THE EFFECTS OF RANGE VERSUS NON-RANGE DRIVER TRAINING ON THE ACCIDENT AND CONVICTION FREQUENCIES OF YOUNG DRIVERS

The sample consisted of 2,057 high school students from five California high schools who were assigned randomly either to a traditional driver training program or to an experimental program utilizing a driving range. Aspects of their performance during driver training were measured, as well as performance on tests required for driver licensing and the number of days between training and licensing. In addition, Department of Motor Vehicles files supplied information on their accident and conviction records within the year following the beginning of driver training. Results showed that nonrange students performed significantly better on the following training variables: knowledge posttest, simulator score, and driver course grade. There were no significant differences between range and nonrange students on driver licensing test scores or in the amount of time spent in becoming licensed. However, range students had fewer total accidents than nonrange students in the year following the beginning of training.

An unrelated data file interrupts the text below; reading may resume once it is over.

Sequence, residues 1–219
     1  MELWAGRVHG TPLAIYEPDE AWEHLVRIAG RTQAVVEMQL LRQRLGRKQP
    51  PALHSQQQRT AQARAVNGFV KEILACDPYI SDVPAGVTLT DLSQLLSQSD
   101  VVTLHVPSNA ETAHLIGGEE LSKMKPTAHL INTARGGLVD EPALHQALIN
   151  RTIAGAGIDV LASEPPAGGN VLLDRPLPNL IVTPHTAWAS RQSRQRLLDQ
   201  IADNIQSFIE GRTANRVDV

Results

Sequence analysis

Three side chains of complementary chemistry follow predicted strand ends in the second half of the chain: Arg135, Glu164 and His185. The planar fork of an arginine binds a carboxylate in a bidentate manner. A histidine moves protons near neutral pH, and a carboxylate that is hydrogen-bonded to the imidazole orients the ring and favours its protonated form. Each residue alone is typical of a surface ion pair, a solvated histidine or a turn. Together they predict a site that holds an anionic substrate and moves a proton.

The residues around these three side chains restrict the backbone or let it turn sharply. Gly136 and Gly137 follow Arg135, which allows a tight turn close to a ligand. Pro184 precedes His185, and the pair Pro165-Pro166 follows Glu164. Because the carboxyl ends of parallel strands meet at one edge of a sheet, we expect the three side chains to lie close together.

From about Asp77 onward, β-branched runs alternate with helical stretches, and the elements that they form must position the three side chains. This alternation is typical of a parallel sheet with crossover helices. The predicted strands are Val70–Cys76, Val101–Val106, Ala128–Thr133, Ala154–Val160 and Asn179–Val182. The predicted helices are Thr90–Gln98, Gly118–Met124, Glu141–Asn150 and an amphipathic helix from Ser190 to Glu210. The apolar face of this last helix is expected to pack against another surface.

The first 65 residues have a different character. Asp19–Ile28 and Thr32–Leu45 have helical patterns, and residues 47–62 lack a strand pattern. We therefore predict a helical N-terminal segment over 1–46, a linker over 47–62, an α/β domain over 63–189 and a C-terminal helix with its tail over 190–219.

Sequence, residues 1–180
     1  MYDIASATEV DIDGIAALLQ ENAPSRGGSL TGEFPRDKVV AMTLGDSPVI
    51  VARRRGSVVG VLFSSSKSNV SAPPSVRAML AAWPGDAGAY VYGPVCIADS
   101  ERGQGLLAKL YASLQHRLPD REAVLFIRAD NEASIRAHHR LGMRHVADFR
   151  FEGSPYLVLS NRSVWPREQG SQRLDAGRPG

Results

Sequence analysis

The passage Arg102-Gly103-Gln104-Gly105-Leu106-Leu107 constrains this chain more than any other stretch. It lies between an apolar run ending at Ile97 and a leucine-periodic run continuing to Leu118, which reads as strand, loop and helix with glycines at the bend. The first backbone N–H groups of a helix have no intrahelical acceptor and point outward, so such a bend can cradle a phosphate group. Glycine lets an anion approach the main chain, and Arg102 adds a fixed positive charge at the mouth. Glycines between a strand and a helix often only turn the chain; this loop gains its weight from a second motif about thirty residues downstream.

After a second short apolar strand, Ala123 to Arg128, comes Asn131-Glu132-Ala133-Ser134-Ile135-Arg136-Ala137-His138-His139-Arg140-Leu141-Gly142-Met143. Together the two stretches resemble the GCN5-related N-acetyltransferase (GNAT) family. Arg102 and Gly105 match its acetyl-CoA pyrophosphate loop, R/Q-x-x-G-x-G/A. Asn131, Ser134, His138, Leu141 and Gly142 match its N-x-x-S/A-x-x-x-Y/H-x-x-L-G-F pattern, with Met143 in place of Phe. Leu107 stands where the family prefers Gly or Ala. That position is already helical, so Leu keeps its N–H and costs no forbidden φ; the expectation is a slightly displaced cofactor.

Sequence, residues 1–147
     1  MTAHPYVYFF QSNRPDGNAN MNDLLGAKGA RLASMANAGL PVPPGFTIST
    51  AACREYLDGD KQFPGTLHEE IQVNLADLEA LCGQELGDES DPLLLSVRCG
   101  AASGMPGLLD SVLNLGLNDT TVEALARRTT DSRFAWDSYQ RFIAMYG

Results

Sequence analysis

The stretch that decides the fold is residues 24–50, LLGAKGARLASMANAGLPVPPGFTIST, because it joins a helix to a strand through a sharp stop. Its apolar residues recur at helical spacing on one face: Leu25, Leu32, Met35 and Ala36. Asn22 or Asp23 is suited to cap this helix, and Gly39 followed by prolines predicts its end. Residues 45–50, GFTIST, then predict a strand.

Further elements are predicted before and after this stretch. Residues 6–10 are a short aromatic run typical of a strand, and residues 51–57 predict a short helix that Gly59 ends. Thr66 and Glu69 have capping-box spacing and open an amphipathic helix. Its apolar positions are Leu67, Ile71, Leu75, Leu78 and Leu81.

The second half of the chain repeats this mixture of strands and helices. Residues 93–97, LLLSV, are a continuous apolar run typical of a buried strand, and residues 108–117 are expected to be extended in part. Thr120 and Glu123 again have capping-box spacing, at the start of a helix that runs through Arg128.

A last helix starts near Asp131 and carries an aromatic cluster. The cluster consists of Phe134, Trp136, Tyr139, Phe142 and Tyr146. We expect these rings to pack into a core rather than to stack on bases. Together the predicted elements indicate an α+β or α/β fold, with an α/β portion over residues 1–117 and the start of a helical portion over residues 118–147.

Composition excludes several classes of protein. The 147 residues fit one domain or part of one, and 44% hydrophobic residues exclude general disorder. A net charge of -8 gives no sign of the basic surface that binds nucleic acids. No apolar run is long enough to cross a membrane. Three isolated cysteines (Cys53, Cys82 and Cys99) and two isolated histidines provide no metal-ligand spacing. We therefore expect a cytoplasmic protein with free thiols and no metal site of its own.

• Supplemental Notes:
    • Sponsored in part by National Highway Traffic Safety Administration, Washington, D.C. Prepared in cooperation with San Juan Unified School District, Carmichael, Calif.
  • Corporate Authors:

    California Department of Motor Vehicles

    P.O. Box 11828, 2415 1st Avenue
    Sacramento, CA  USA  95813

    National Highway Traffic Safety Administration

    1200 New Jersey Avenue, SE
    Washington, DC  USA  20590
  • Authors:
    • Dreyer, D
    • JANKE, M
  • Publication Date: 1977-5

Media Info

  • Pagination: 58 p.

Subject/Index Terms

Filing Info

  • Accession Number: 00167356
  • Record Type: Publication
  • Source Agency: National Technical Information Service
  • Report/Paper Numbers: CAL-DMV-RSS-77-58
  • Files: NTIS, USDOT, STATEDOT
  • Created Date: Dec 8 2002 12:00AM